The tusks of woolly mammoths are being dug up by the thousands from Arctic permafrost in order to be sold on Chinese budding ivory-carving industry. However, some scientists argue whether this seemingly legal ivory trade should be outlawed much like the ban on the sale of African elephant tusks.
Despite ongoing efforts to prohibit the trade of ivory, thousands of African elephants continue to be slaughtered each year by poachers to obtain their prized tusks.
Earlier this month, customs officials in Switzerland seized more than 500 pounds of ivory at the Zurich airport. The animal tusks are believed to have originated from Tanzania and were worth around £260,000 ($408,535).
Experts believe that much of the elephant tusks taken from African countries are destined for the black market in China. The Asian country takes in around 60 tons of ivory each year, making it the largest importer of illegal elephant tusks in the world.
Efforts to stop the illegal ivory trade have been made over the years, with many high-profile celebrities, such as Prince William and former U.S. presidential daughter Chelsea Clinton, providing their support for its prohibition.
The growing demand for carved tusks in China brought on by the country's newly-minted rich middle class continue to drive the importation of elephant ivory.
Evidence has also been found that point to Chinese black market traders passing off ivory taken from unearthed mammoths as genuine elephant tusks to bypass export controls.
Adrian Lister, a paleontologist at the Natural History Museum in London, raised the argument for the inclusion of mammoth tusks to the prohibition on the ivory trade. He said that for poachers to be discouraged in killing the elephants, it may be necessary to ban the trade of mammoth tusks as well to keep the demand for ivory low.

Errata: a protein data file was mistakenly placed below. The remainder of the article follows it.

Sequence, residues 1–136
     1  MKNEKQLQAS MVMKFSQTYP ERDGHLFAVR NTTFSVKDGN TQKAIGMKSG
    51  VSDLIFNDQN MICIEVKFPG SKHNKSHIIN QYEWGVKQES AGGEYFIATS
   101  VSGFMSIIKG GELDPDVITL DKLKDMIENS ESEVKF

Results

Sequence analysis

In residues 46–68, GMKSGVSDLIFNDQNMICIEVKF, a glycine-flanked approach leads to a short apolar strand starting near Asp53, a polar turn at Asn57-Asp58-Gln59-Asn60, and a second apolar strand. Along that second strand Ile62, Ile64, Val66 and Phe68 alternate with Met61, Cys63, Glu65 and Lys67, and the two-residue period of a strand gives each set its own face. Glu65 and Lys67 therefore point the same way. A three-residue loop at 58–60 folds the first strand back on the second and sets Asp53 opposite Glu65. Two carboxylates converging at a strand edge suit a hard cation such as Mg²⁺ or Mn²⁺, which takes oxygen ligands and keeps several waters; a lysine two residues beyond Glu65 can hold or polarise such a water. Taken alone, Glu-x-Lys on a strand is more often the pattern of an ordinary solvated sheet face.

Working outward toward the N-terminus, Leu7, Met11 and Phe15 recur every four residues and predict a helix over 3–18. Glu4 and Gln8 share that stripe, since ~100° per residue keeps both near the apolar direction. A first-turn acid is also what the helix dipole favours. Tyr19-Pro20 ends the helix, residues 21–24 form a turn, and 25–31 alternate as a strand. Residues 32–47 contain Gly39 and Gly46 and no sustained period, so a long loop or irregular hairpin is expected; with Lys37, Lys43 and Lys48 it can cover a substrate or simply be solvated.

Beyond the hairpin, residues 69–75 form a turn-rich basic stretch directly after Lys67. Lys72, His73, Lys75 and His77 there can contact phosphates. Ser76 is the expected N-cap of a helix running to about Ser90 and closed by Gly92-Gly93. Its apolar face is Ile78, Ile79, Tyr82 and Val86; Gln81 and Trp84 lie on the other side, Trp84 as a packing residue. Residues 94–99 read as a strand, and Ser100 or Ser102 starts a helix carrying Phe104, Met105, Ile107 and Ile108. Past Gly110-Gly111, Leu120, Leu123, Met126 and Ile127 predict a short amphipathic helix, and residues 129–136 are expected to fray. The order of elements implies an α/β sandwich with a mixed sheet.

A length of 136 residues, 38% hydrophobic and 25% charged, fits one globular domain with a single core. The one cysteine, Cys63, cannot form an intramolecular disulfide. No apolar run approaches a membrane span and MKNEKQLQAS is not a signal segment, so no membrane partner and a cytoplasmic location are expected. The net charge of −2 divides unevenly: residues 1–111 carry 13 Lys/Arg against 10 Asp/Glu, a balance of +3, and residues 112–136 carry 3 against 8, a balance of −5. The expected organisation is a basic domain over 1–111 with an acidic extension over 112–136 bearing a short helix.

Lister's recommendation is met with criticism, namely from conservation professor Douglas MacMillan at the University of Kent. He argued that outlawing mammoth ivory would not be able to stop its trade but it would instead drive its sale underground and draw interest from organized crime groups.
He pointed to his own research in which he discovered that prices for illegally obtained whale meat rose considerably as soon as officials intensified their efforts in prohibiting its sale. He said that this boom in the trade led professional criminals to control the market for whale meat.
MacMillan added that placing a ban on the mammoth ivory trade would only end up driving prices and causing many dig sites for mammoth to be excavated covertly without regard for any scientific purpose.
In place of a prohibition, MacMillan suggests that bolder strategies should be undertaken that economic sense, such as policies that would serve to drive ivory prices down and lessen the pressure on animal populations in the wild.
He recommends establishing sustainable efforts including regulating the trade of ivory, ranching and even wildlife farming. Similar measures have been successful with other endangered animals. This is seen in species of crocodiles that are now being farmed to provide supplies of leather to the market.
MacMillan said that a new economic study in Canada has found that the introduction of mammoth ivory trade in Asia has resulted in the reduction of prices for elephant ivory, saving the lives of thousands of elephants.
Photo: Diana Robinson | Flickr